TaxWise Clinics

“EMPOWERING CANADIANS with sound income tax advice”.

Keynote Speaker: Christine MacLean, CGA

“From claiming travel expenses to medical facilities, to addressing all benefits relating to physical and/or mental injury, illness or disability conditions: this is an experienced approach to income tax services specifically addressing individuals, families, and caregivers living with medical and/or disability issues”.

TaxWise runs tax reduction clinics across Canada. Come back often to check for updates on dates and locations or contact us today:

Dates Locations Attendance
No upcoming clinics at the moment.

Who should attend

Any individual who suffers from a physical condition or a family or parent caregiver who provides support for an individual with a physical condition will benefit from attending a TaxWise clinic. Specifically:

  • You are under prolonged medical care or are infirm.
  • You suffered a mental or physical injury or illness that permanently or temporarily markedly affects or did affect your daily living during the past ten years.
  • You provide financial support for a spouse, dependant, or relative (common law relationships included) who is under a doctor?s care or has suffered a mental or physical illness or infirmity that continually and markedly affects their daily living.
  • You or a close relative with a disability/medical conditions have significant personal medical expenses you may not know that you could have claimed.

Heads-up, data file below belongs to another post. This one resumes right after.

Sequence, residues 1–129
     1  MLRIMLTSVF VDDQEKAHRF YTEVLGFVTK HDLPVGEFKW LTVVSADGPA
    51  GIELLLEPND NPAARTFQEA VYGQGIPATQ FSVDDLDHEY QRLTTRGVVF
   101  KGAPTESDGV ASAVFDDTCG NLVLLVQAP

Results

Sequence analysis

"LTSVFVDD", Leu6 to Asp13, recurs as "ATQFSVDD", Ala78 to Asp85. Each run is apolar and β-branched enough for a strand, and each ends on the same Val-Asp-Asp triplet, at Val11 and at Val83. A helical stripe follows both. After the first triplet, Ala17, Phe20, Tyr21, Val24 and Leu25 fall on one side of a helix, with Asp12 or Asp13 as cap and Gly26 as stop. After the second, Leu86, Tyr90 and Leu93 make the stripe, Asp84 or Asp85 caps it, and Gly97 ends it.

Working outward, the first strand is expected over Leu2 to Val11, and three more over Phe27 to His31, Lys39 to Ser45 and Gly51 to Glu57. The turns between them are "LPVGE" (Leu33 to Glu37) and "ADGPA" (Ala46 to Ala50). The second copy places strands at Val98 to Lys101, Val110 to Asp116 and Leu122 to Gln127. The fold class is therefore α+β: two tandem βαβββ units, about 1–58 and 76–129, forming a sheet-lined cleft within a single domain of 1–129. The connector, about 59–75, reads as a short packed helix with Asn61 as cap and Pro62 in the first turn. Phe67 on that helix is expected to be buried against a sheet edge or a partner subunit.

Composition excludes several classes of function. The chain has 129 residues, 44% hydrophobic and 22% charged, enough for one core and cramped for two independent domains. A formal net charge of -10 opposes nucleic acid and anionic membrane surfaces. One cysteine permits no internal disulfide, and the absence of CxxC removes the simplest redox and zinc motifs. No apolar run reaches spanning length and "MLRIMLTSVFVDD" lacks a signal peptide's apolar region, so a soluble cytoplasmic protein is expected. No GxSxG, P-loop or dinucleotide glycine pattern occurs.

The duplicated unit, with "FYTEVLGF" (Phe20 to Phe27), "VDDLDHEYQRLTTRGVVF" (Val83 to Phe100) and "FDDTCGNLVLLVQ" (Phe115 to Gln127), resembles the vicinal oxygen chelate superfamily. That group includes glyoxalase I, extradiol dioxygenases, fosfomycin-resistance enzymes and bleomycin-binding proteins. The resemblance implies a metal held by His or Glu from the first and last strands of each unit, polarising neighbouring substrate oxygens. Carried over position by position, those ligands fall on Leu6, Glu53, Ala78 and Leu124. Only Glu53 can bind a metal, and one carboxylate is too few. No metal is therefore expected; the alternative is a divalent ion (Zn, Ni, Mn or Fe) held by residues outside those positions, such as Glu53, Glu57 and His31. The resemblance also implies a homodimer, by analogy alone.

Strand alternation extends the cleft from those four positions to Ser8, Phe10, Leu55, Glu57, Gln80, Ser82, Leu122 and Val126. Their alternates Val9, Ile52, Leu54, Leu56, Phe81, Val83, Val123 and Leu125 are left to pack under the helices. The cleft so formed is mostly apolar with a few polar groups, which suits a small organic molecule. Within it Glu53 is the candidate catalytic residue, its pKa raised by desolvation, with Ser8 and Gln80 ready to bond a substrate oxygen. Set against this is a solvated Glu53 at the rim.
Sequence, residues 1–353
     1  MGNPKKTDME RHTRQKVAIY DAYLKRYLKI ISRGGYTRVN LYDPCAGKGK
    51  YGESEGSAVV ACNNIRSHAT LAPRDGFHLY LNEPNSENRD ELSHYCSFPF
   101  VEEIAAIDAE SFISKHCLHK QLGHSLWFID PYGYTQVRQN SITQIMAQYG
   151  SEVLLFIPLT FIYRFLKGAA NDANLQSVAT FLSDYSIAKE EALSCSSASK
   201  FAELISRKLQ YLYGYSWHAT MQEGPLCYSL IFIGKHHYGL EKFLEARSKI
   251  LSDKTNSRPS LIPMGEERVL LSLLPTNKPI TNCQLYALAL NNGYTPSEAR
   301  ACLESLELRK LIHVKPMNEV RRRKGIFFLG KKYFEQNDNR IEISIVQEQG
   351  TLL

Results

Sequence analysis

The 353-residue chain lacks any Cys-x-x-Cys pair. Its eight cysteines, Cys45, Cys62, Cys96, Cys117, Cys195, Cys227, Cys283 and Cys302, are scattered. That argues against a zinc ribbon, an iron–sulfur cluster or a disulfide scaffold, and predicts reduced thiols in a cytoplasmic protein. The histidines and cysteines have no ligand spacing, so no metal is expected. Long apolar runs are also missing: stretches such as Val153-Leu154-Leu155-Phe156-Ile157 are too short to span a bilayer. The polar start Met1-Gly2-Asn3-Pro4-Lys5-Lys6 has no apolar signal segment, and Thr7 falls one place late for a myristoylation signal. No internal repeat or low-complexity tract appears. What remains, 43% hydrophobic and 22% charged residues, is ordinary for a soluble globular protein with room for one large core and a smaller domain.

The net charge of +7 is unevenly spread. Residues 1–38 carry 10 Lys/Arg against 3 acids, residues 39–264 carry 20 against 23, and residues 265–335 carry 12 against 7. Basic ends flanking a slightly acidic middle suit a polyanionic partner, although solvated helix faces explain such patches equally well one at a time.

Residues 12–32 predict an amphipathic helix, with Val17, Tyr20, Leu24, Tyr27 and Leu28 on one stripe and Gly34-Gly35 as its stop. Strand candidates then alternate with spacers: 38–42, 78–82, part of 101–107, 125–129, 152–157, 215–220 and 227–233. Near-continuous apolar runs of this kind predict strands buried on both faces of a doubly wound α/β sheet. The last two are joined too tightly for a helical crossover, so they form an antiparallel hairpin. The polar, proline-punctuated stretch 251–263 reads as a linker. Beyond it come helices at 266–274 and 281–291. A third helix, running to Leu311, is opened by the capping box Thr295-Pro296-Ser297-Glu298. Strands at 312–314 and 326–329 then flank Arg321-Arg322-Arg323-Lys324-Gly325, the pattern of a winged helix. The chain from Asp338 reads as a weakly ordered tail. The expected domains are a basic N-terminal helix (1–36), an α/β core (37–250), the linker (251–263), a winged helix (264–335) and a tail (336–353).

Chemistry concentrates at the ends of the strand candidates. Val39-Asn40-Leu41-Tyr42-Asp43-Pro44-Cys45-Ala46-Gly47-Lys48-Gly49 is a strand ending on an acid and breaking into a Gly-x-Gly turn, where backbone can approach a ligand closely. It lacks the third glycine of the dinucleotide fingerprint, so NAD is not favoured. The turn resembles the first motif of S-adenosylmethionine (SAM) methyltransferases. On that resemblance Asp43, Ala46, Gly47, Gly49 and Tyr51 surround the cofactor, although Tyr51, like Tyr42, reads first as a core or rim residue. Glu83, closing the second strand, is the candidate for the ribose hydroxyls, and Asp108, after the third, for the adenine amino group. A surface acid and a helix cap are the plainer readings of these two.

Contact Information

TaxWise Inc.
200-2520 St. Laurent Blvd.
Ottawa, ON K1H 1B1

Toll free: 1-866-448-2188
Telephone: 613-733-2188
Fax: 613-733-2131
Email: clientservices@taxwise.ca

Resources

Over 15,000 success stories

We had the Disability Tax Credit, but did not realise that there was so much more that we qualified for! When our son was thirteen someone mentioned to us that we should apply for a disability tax credit. We completed all the paperwork and sent it in to the government with an expectation that our request would be approved.

– Barbara & Harvey Bloomfield

I am a mother now to a teenage son who has a behavioral disability [ADD]. My son’s history of diagnosis came about when he was three years old. We migrated to Canada when he was four and the school that he attended reverted to an institution for further evaluation of his behavior. As he grew up, we underwent several psychological assessments, special therapies, school IEP and community programs. On our part as parents, rearing him was quite a struggle as my son in major aspects and appearance is normal but the behavioral and mental maturity is behind.

– Mrs. Maria Griselda